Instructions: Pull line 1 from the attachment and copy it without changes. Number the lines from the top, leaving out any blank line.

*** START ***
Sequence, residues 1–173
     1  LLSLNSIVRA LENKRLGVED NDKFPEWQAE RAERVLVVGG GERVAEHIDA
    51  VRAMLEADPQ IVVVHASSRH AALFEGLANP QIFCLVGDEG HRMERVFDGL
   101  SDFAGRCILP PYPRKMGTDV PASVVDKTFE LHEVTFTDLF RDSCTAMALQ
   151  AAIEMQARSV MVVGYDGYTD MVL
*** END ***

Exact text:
Sequence, residues 1–173